Majlis Approves Nuclear Deal

Majlis Approves Nuclear Deal Majlis Approves Nuclear Deal

Lawmakers voted to pass a bill on Tuesday authorizing conditional implementation of the July nuclear accord with major powers, IRNA reported.

The measure, whose outlines had been approved by the chamber on Sunday, secured the backing of 161 lawmakers, with 59 against and 13 abstentions.  

It will now be sent to the Guardian Council for final approval before becoming law.

The deal, officially known as the Joint Comprehensive Plan of Action, reached between Iran and the P5+1 (five permanent members of the UN Security Council plus Germany), provides for the lifting of sanctions in return for time-bound limits on Tehran's nuclear program.

"The well-considered, historic decision today by legislators showed they have an accurate understanding of the country's situation," ISNA quoted government spokesman Mohammad Baqer Nobakht as saying at a press conference after the vote.

Deputy Foreign Minister for Consular, Parliamentary and Expatriates Affairs Hassan Qashqavi said, "As had been expected, the Majlis view of the JCPOA had a positive outcome. I presume it will be the same with the Guardian Council." The council is a powerful 12-member constitutionally-mandated body that vets the compatibility of all legislation with the Islamic norm and the Islamic Republic Constitution.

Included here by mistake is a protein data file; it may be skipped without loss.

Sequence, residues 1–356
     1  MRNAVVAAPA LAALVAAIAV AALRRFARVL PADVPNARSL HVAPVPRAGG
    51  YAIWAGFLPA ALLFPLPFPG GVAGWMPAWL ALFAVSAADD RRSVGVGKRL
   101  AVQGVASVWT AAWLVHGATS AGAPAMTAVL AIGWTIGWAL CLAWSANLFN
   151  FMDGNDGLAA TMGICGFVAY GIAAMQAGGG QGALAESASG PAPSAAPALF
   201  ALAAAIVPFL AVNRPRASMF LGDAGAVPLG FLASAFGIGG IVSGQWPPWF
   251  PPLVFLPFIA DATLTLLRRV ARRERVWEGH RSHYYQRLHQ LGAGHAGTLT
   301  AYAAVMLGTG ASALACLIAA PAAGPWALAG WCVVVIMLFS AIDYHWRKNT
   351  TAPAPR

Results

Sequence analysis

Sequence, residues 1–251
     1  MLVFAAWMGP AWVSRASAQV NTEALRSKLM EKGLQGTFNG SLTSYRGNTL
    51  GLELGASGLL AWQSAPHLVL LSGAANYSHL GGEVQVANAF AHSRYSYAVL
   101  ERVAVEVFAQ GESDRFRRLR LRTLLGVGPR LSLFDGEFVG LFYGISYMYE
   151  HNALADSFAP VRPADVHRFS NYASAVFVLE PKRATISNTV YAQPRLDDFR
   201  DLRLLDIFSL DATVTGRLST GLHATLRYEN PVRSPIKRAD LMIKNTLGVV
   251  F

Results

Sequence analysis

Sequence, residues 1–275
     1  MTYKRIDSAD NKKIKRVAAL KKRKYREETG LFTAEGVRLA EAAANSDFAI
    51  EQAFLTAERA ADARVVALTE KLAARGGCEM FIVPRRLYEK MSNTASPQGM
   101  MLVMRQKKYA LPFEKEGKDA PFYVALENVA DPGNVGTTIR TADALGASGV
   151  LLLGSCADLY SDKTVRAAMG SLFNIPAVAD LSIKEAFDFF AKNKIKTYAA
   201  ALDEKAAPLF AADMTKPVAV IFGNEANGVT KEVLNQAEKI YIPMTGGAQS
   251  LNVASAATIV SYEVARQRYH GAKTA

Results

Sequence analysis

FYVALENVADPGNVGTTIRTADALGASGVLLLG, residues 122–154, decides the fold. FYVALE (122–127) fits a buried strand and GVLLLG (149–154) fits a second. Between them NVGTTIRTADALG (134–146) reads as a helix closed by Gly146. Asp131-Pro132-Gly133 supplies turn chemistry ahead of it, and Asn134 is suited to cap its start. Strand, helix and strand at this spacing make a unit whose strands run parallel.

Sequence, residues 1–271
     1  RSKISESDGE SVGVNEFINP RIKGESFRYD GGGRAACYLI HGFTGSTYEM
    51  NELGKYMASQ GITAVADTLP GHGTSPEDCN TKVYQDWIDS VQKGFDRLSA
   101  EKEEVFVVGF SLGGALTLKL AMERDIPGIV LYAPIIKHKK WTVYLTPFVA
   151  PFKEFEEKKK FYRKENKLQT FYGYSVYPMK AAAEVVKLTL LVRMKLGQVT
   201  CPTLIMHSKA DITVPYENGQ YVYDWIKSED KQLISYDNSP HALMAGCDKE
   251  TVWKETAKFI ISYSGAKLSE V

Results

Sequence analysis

The latest legislation titled 'the Iranian Government's Reciprocal Action on Implementation of the JCPOA,' sponsored by the chairman of the Majlis National Security and Foreign Policy Commission Alaeddin Boroujerdi, is composed of a single article and 9 clauses.

*** Gov't Obligations

It requires the government to take into account the following considerations during the implementation of the action plan:

Current and future governments are not allowed to seek to develop and use nuclear weapons, should seriously follow the international campaign for nuclear disarmament, be actively involved in efforts to help eliminate nuclear weapons and create nuclear weapons-free zones and strive to compel Israel to abandon such weapons.

Any threat or pressure from the other side to the JCPOA would result in Iran's reconsideration of its commitment to the accord.

The government is bound to closely monitor the other side's obligations to remove sanctions and, in the event of any breach, should stop cooperation on the deal and move to increase nuclear activity back to previous levels and safeguard rights of the Iranian people.

Long-term plans aimed at commercializing the nuclear program must be pursued by the government. The 15-year plan for enrichment and research and development should be drawn up by the AEOI, after approval by the SNSC, and submitted to the UN nuclear agency in the coming months.

Redesigning the Arak heavy water reactor and, if at all, the swap of enriched uranium for natural uranium should be conducted under reliable and binding agreements.

UN inspections of Iranian facilities should be carried out within the framework of international law. Any access to the UN nuclear watchdog to military sites or relevant persons is prohibited unless separately considered and authorized by the SNSC.

Necessary measures must be taken by the government and the armed forces to boost defense capabilities and defend allies of the Islamic Republic against threats from terrorists. All organs, including the government, must act according to decisions by the SNSC to prevent abuse by foreign states, especially the US, of the conditions to emerge in the wake of the deal to gain influence in the country.

Government officials will be bound to use the overseas frozen assets to be released after financial sanctions are lifted to promote the 'resistance economy'  proposed by the Leader of the Islamic Revolution, to bolster production and investment and boost the National Development Fund.